Common hatred has a wonderful power of uniting former foes. Samaritans, wild Arabs of the desert, Ammonites, and inhabitants of Ashdod in the Philistine plain would have been brought together for no noble work, but mischief and malice fused them for a time into one. God's work is attacked from all sides. Herod and Pilate can shake hands over their joint antagonism.
This passage paints vividly the discouragements which are apt to dog all good work, and the courage which refuses to be discouraged, and conquers by bold persistence. The first verse (v.9) may stand as a summary of the whole, though it refers to the preceding, not to the following, verses. The true way to meet opposition is twofold -- prayer and prudent watchfulness. 'Pray to God, and keep your powder dry,' is not a bad compendium of the duty of a Christian soldier. The union of appeal to God with the full use of common sense, watchfulness, and prudence, would dissipate many hindrances to successful service.
I. In verses 10-12 Nehemiah tells, in his simple way, of the difficulties from three several quarters which threatened to stop his work. He had trouble from the workmen, from the enemies, and from the mass of Jews not resident in Jerusalem. The enthusiasm of the builders had cooled, and the magnitude of their task began to frighten them. Verse 6 tells us that the wall was completed 'unto the half of it'; that is, to one-half the height, and half-way through is just the critical time in all protracted work. The fervour of beginning has passed; the animation from seeing the end at hand has not sprung up. There is a dreary stretch in the centre, where it takes much faith and self-command to plod on unfainting. Half-way to Australia from England is the region of sickening calms. It is easier to work in the fresh morning or in the cool evening than at midday. So in every great movement there are short-winded people who sit down and pant very soon, and their prudence croaks out undeniable facts. No doubt strength does become exhausted; no doubt there is 'much rubbish' (literally 'dust'). What then? The conclusion drawn is not so unquestionable as the premises. 'We cannot build the wall' Why not? Have you not built half of it? And was not the first half more embarrassed by rubbish than the second will be?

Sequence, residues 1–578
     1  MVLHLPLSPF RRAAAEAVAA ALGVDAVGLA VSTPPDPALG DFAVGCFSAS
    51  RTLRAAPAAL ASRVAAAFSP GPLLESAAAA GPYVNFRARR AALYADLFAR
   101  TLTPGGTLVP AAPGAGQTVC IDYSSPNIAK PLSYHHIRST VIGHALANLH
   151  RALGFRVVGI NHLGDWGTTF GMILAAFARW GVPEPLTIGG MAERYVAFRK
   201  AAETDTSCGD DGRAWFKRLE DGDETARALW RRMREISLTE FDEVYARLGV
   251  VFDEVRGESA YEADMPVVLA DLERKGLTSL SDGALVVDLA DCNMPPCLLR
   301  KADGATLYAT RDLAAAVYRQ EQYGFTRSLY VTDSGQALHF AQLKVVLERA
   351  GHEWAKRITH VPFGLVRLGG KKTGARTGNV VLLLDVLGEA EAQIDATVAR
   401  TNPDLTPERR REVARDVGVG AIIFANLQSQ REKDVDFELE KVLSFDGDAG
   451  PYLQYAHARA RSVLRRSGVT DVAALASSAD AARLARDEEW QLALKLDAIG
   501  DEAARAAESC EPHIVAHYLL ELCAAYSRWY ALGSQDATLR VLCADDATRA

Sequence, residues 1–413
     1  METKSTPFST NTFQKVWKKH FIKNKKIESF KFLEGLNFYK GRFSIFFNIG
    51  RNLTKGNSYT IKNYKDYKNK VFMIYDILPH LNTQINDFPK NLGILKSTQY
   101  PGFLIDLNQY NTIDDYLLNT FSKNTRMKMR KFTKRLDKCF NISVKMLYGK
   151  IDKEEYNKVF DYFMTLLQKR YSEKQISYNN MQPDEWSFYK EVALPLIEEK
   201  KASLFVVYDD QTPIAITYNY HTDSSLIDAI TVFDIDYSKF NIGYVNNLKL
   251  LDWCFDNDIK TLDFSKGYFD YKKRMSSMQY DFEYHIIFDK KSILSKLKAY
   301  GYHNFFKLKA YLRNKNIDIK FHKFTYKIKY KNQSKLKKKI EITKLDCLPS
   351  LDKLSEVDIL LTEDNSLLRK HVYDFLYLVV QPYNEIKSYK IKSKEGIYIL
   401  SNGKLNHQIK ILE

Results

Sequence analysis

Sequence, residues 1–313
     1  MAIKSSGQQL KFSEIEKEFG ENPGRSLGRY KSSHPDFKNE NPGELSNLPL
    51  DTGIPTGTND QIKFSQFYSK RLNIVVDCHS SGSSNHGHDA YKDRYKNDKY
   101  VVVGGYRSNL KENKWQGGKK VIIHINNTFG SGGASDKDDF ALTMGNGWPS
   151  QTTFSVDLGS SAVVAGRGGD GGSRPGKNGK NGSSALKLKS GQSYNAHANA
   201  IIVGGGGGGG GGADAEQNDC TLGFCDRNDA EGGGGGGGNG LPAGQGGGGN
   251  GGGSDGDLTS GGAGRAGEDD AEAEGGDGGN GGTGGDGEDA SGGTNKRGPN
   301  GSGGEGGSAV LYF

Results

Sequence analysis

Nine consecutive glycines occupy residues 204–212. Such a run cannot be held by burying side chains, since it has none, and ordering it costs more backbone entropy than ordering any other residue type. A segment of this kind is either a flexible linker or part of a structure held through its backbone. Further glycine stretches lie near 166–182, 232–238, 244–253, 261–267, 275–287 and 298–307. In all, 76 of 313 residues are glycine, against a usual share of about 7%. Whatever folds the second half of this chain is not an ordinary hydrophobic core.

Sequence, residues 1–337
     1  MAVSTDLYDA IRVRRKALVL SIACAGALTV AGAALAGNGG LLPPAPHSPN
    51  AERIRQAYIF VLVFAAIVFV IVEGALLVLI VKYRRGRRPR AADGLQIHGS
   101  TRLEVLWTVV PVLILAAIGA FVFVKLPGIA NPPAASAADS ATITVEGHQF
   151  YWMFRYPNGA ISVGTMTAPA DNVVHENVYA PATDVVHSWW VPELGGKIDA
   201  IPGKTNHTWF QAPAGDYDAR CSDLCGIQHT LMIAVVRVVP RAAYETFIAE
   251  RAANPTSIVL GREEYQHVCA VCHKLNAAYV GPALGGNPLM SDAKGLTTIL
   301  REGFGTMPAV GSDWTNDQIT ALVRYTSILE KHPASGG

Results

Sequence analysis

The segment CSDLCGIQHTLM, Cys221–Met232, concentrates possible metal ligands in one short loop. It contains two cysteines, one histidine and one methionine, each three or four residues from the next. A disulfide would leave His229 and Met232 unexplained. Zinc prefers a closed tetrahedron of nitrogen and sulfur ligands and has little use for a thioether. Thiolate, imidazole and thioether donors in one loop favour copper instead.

It is a great piece of Christian duty to recognise difficulties, and not be cowed by them. The true inference from the facts would have been, 'so that we must put all our strength into the work, and trust in our God to help us.' We may not be responsible for discouragements suggesting themselves, but we are responsible for letting them become dissuasives. Our one question should be, Has God appointed the work? If so, it has to be done, however little our strength, and however mountainous the accumulations of rubbish.
The second part in the trio was taken by the enemies -- Sanballat and Tobiah and the rest. They laid their plans for a sudden swoop down on Jerusalem, and calculated that, if they could surprise the builders at their work, they would have no weapons to show fight with, and so would be easily despatched. Killing the builders was but a means; the desired end is significantly put last (v.11), as being the stopping of the abhorred work. But killing the workmen does not cause the work to cease when it is God's work, as the history of the Church in all ages shows. Conspirators should hold their tongues. It was not a hopeful way of beginning an attack, of which the essence was secrecy and suddenness, to talk about it. 'A bird of the air carries the matter.'
The third voice is that of the Jews in other parts of the land, and especially those living on the borders of Samaria, next door to Sanballat. Verse 12 is probably best taken as in the Revised Version, which makes 'Ye must return to us' the imperative and often-repeated summons from these to the contingents from their respective places of abode, who had gone up to Jerusalem to help in building. Alarms of invasion made the scattered villagers wish to have all their men capable of bearing arms back again to defend their own homes. It was a most natural demand, but in this case, as so often, audacity is truest prudence; and in all high causes there come times when men have to trust their homes and dear ones to God's protection. The necessity is heartrending, and we may well pray that we may not be exposed to it; but if it clearly arises, a devout man can have no doubt of his duty. How many American citizens had to face it in the great Civil War! And how character is ennobled by even so severe a sacrifice!
II. The calm heroism of Nehemiah and his wise action in the emergency are told in verses 13-15. He made a demonstration in force, which at once showed that the scheme of a surprise was blown to pieces. It is difficult to make out the exact localities in which he planted his men. 'The lower places behind the wall' probably means the points at which the new fortifications were lowest, which would be the most exposed to assault; and the 'higher places' (Auth. Ver.), or 'open places' (Rev. Ver.), describes the same places from another point of view. They afforded room for posting troops because they were without buildings. At any rate, the walls were manned, and the enemy would have to deal, not with unarmed labourers, but with prepared soldiers. The work was stopped, and trowel and spade exchanged for sword and spear. 'And I looked,' says Nehemiah. His careful eye travelled over the lines, and, seeing all in order, he cheered the little army with ringing words. He had prayed (Neh. i.5) to 'the great and terrible God,' and now he bids his men remember Him, and thence draw strength and courage. The only real antagonist of fear is faith. If we can grasp God, we shall not dread Sanballat and his crew. Unless we do, the world is full of dangers which it is not folly to fear.